Transmission Date: 1/12/1967
Episode Length: 48'27m
Est. Ratings: 9.1m
Written by: Roger Woddis
Directed by: Pat Jackson
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An ITC Production by Everyman Films Ltd. Executive Producer: Patrick McGoohan; Script Editor: George Markstein; Producer: David Tomblin; Production Manager: Bernard Williams; Director of Photography: Brendan J. Stafford B.S.C.; Art Director: Jack Shampan; Camera Operator: Jack Lowin; Editor: Lee Doig; Theme: Ron Grainer; Musical Director: Albert Elms; Cameraman (2nd Unit): Robert Monks; Assistant Director: Gino Marotta; Sound Editor: Ken Rolls; Sound Recordist: John Bramall; Music Editor: Eric Mival; Casting Director: Rose Tobias-Shaw; Continuity: Josie Fulford; Set Dresser: Kenneth Bridgeman; Make-Up: Eddie Knight; Hairdressing: Pat McDermot and Wardrobe: Masada Wilmot. Made on location and at Metro-Goldwyn-Mayer Studios, Borehamwood, England.
Patrick McGoohan (The Prisoner); Patrick Cargill (Number Two); Victor Maddern (Band Master); Basil Hoskins (Number Fourteen); Norman Scace (Psychiatric Director); Derek Aylward (New Supervisor); Angelo Muscat (The Butler); Hilary Dwyer (Number Seventy Three); Arthur Gross (Control Room Supervisor); Peter Swanwick (Supervisor); Victor Woolf (Shop Assistant); Michael Segal (Laboratory Technician); Margo Andrew (Shop Kiosk Girl); Susan Sheers (Female Code Expert); Jackie Cooper (1st Guardian); Fred Haggerty (2nd Guardian); Eddie Powell (3rd Guardian); George Leach (4th Guardian); Fenella Fielding (Loudspeaker Voice, uncredited) and Robert Rietty (Voice of No.2 in titles, uncredited)
See the entry on Many Happy Returns for a detailed explanation of why this episode occurs in this particular sequence. In the original UK transmission order, it was screened tenth, just after Checkmate and before It's Your Funeral.
The least is learnt about No.6 in this episode, though we do learn he is familiar with Don Quixote, and, more importantly, he has the capacity for revenge when one of his fellow prisoners is killed.
In The Village:
A new No.2 has recently arrived in the Village, declaring on the front of the "Tally Ho" newspaper that he calls for an increased vigilance. Sadistic, he tells an inmate (who has recently slashed her wrists) of her husband's affair. As he advances towards her she leaps from a window and kills herself. We also hear of another inmate, an elderly lady that died "a month ago", No.113.
The Tally Ho costs 2 work units to buy, while a nine-word personal ad in the paper costs 3 work units.
Making its single appearance is a laser cannon in a flag pole which shoots down a pigeon. A Village sport is also seen here for the first time, "Kosho", which features leaping on trampolines and over a water stile. Players are heavily padded, with crash helmets on their heads.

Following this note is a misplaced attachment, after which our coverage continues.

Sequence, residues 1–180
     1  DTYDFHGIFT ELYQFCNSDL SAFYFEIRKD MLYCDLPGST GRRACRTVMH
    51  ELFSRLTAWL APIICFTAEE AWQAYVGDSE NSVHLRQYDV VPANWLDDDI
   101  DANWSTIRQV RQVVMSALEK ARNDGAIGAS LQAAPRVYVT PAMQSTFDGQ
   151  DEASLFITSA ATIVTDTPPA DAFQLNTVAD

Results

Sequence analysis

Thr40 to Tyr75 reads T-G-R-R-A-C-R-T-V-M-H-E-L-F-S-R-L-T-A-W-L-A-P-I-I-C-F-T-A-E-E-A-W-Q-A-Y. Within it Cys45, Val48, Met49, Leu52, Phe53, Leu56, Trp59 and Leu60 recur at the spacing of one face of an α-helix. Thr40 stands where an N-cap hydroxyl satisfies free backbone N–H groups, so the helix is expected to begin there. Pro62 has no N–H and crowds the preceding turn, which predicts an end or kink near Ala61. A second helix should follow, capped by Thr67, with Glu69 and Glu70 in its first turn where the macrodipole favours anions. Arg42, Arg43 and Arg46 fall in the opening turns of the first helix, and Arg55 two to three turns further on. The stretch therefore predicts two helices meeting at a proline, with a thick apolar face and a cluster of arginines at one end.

After No.73 is driven to suicide by No.2, No.6 makes efforts to avenge her. Using a series of obscure actions, (including listening to Bizet records, writing out a request from the deceased No.113 and sending the following numbers by carrier pigeon: "20 60 40 47 67 81 91 80". The pigeon is shot down and the code deciphered as "Title message tomorrow, 0800 hours by visual signal". He also sends "pat-a-cake baker's man" by morse code to the horizon. However, what started it all was a blank sheet of paper, which, when scanned, read: "To X.O.4, ref your query the Bizet record. No.2's instability confirmed. Detailed report follows. D.6.") he convinces No.2 that he is a plant assessing his instability.
No.2 cracks and reports himself to his masters. No.6 hasn't escaped from the Village, but he has gained his first victory, and avenged No.73's death.
The shopkeeper in this episode is played by a different actor from the one in Arrival and Checkmate. Does this mean that the original shopkeeper was demoted after his attempted escape in Checkmate? Also notable is that this is the only time a prisoner has a number with a "7" in it - the fated No.73.
"You shouldn't have interfered, No.6. You'll pay for this."
"No. You will."
An inexplicably popular episode featuring an outrageously hammy turn from Patrick Cargill. Rarely has such an over the top performance been witnessed outside of panto, yet there are those who see Cargill’s No.2 as an intense, considered study.
Also an annoyance is the first major use (when watched in this order) of studio backdrops for the Village. There’s still some shooting at Portmerion, but the artificial grass and shops look unforgivably cheap for such an expensive series. Other concerns are the deeply silly “Kosho” game, there to pad out the story, and the repetitive lounge jazz soundtrack. While many of the musical cues in the series are used over and over again throughout most of the episodes, it’s particularly undermining here.
As for the plot, it centres around No.6 playing a series of parlour tricks to make No.2 paranoid. No.6 as avenging hero is a nice idea, and with No.2’s demand for “increased vigilance” and fear of bomb threats it’s oddly topical, but in narrative terms it fails to contain suspense as it's clear what No.6 is up to right from the start. This would be fine if Cargill was delivering a tour-de-force of a man getting steadily broken down, but as he brings us a heel kicking, semi-comic shouter then it’s all a little flat. Ironically, it’s the theme of the episode – the underlying weakness of No.2 – that causes it to fail.